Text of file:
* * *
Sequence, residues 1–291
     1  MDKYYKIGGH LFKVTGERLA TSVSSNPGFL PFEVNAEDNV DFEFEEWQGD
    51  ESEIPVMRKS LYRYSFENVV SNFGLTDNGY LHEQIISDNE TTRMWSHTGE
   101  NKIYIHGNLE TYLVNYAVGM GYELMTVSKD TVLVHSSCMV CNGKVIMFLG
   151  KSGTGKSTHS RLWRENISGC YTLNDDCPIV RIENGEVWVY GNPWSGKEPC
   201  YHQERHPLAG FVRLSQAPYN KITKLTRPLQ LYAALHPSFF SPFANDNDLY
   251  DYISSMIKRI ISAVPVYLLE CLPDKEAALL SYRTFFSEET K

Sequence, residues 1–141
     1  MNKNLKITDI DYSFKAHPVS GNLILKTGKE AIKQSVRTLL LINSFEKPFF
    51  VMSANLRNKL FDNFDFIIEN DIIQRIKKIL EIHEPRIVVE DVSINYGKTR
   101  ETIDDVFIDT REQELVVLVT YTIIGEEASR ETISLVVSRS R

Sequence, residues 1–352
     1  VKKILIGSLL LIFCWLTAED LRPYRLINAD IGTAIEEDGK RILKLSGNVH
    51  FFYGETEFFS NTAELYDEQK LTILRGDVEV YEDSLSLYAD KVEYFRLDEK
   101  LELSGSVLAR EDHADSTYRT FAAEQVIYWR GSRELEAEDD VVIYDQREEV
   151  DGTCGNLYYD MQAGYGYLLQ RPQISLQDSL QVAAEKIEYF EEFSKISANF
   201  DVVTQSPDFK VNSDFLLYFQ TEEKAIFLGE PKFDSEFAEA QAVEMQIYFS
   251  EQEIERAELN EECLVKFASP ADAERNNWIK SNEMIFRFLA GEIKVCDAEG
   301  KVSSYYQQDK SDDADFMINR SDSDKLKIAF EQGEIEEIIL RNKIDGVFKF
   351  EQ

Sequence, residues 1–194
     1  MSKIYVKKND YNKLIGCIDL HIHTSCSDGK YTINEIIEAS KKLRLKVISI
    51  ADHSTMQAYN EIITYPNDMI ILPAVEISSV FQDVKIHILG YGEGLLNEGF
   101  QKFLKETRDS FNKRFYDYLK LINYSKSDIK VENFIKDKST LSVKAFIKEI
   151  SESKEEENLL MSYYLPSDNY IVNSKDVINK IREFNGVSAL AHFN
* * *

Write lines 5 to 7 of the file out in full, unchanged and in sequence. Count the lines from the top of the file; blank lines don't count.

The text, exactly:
   151  KSGTGKSTHS RLWRENISGC YTLNDDCPIV RIENGEVWVY GNPWSGKEPC
   201  YHQERHPLAG FVRLSQAPYN KITKLTRPLQ LYAALHPSFF SPFANDNDLY
   251  DYISSMIKRI ISAVPVYLLE CLPDKEAALL SYRTFFSEET K